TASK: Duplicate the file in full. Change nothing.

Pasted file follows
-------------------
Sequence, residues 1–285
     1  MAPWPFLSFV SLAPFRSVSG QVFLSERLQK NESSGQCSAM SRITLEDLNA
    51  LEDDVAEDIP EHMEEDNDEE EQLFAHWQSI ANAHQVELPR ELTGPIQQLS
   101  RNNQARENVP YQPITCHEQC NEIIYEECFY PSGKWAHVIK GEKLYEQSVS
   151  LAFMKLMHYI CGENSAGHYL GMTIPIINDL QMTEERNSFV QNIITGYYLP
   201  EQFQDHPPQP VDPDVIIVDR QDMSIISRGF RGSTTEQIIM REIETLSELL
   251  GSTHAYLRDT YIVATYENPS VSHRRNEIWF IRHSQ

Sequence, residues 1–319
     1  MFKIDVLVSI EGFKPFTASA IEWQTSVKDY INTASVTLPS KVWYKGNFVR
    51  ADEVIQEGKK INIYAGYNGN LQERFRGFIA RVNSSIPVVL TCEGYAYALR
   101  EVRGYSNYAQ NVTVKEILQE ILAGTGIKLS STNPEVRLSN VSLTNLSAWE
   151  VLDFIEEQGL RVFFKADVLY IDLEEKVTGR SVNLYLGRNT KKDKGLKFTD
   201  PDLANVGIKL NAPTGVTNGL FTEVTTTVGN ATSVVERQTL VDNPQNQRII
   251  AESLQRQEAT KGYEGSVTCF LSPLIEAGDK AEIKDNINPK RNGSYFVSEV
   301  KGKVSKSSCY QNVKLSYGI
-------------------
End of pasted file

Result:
Sequence, residues 1–285
     1  MAPWPFLSFV SLAPFRSVSG QVFLSERLQK NESSGQCSAM SRITLEDLNA
    51  LEDDVAEDIP EHMEEDNDEE EQLFAHWQSI ANAHQVELPR ELTGPIQQLS
   101  RNNQARENVP YQPITCHEQC NEIIYEECFY PSGKWAHVIK GEKLYEQSVS
   151  LAFMKLMHYI CGENSAGHYL GMTIPIINDL QMTEERNSFV QNIITGYYLP
   201  EQFQDHPPQP VDPDVIIVDR QDMSIISRGF RGSTTEQIIM REIETLSELL
   251  GSTHAYLRDT YIVATYENPS VSHRRNEIWF IRHSQ

Sequence, residues 1–319
     1  MFKIDVLVSI EGFKPFTASA IEWQTSVKDY INTASVTLPS KVWYKGNFVR
    51  ADEVIQEGKK INIYAGYNGN LQERFRGFIA RVNSSIPVVL TCEGYAYALR
   101  EVRGYSNYAQ NVTVKEILQE ILAGTGIKLS STNPEVRLSN VSLTNLSAWE
   151  VLDFIEEQGL RVFFKADVLY IDLEEKVTGR SVNLYLGRNT KKDKGLKFTD
   201  PDLANVGIKL NAPTGVTNGL FTEVTTTVGN ATSVVERQTL VDNPQNQRII
   251  AESLQRQEAT KGYEGSVTCF LSPLIEAGDK AEIKDNINPK RNGSYFVSEV
   301  KGKVSKSSCY QNVKLSYGI